According to notes in Babe's neat handwriting, she met my great-grandfather, Ralph Boyer, in their home state of Illinois on October 26th, 1927.  They were engaged the following August, and were then married in August of 1930 after Ralph graduated from the University of Wisconsin with his master's degree in Chemical Engineering.  Shortly after, he and Alma moved to Pittsfield, MA, a city 100 miles west of Boston, where he worked for General Electric in their plastics department.

Spring of 1932:
Ralph, Babe and Dinon
Their firstborn child was my grandfather, Dinon.  He was born on October 26, 1931 in Pittsfield.  He ended up as a belated birthday present, born the day after his mother's 23rd birthday.

The small Boyer family first lived in an apartment as they got on their feet, Ralph working as an engineer and Alma staying home with the baby.  "My mother remembers putting butter out on the window ledge in wintertime, because I’m not sure if they had a refrigerator at that time,” my grandfather said.

Dinon enjoyed a few years as the only child - his famously-pragmatic parents waited 5 years before their second child, and another 5 years after that before their third, so that they would only have to pay for one child's college tuition at a time.

In their defense, there were plenty of reasons why the pair was so frugal, even though Ralph was well-employed.  After all, both were born on farms in Illinois, and Babe's childhood farmhouse had a dirt floor.  And the economic climate of that era was far from comforting.

"You gotta remember, this was during the Depression, and although my dad always had a job there were a number of times that he took a pay cut," Dinon said.  "He graduated from the University of Wisconsin in 1930, so he was very fortunate that General Electric hired him.  The start of the Depression was 1929, so in 1930 it was tough.  And then I was born in 1931."

Whatever financial stresses his parents might've endured, my grandfather's memories of his childhood, even his very earliest ones, are of being happy, loved and provided for.

Before Dinon's first birthday, Babe and Ralph bought a new dining room table, the same table that Dinon inherited and later raised his own children around.

"My parents told me that one time I crawled under the table, and got balanced on my tummy so that I couldn't go forward or backward, I was just there," Dinon recounted, chuckling.  "There’s a piece in the middle under there, so, as a baby, I just crawled up in there, and I was stuck, and all I could do was cry.  I mean, I was just, there, couldn’t go forward, couldn’t go backward, I could flail my arms and all, but there was nothing that touching!  So I was rescued, y’know.”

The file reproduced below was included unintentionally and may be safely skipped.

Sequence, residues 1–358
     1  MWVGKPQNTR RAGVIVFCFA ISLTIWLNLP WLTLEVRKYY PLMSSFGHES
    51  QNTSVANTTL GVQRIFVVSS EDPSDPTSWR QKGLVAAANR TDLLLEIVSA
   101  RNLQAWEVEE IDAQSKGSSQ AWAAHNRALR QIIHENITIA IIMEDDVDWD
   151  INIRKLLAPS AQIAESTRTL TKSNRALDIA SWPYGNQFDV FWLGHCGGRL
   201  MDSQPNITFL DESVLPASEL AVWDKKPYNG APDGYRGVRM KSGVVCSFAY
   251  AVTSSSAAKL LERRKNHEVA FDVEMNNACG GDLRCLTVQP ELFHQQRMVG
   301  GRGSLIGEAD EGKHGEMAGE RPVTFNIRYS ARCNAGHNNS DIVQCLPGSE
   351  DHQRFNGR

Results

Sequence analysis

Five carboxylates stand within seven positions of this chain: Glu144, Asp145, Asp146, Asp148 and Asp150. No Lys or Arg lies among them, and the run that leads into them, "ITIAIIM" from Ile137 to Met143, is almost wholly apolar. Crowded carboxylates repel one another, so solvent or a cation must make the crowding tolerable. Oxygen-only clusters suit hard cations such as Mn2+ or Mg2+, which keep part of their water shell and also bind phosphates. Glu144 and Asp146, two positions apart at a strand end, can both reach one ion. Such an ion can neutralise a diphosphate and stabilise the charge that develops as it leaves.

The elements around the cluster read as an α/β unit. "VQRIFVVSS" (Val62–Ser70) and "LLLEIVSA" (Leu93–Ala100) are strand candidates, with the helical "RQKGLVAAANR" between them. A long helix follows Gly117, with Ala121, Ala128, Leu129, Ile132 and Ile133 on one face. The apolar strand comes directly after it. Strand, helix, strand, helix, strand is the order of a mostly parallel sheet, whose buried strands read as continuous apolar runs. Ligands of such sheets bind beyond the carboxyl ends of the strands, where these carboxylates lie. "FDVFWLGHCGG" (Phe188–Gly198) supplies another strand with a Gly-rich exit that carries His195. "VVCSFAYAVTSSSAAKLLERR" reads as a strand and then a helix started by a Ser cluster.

He also remembers playing under the huge rhubarb leaves of his neighbor's victory garden behind their garage, and even attempting to ice skate before his fifth birthday.

“Of course, as a kid, I ice skated," Dinon said.  "I seem to remember doing some ice skating when I lived in Pittsfield ... It was kind of on a little stream.  The ice was curved, it was low in the middle and came up on both sides, which made it a little hard to skate.  And, of course, my skates were not the professional kind, and therefore, my ankles were not strong enough to stay up, so they kept going out.  So it was hard to skate that way.  I can still picture that stream in my mind.”

Even his minor pre-school surgeries are remembered by my grandfather mostly for the pleasant memories of the healing. 

“I had my tonsils out when I was very young, I don’t know what age, but I still remember, after having the tonsils out, wanting to suck chipped ice," Dinon said.  "And I had operations on both of my big toes [because I had ingrown toenails], and ... after the operation on my toes, I had them both wrapped, and my parents put me in a wagon.  I was very young, I think it was before I was in school, but it was in the summertime evidently because while I was healing, why they put me in a wagon and took me to where I could watch some houses being built.”

Around the time that Dinon turned 5 - and also close to the time that his brother, Daryll, was born - his father, Ralph, was transferred from the General Electric plant in Pittsfield to their plant in Lynn, MA, right on the Atlantic coast.  So, around 1936, the small Boyer family picked up and moved just east of Lynn, in a town on a tiny chicken-necked peninsula called Nahant.

(next story: Nahant, MA)

Nahant, MA
K Loaf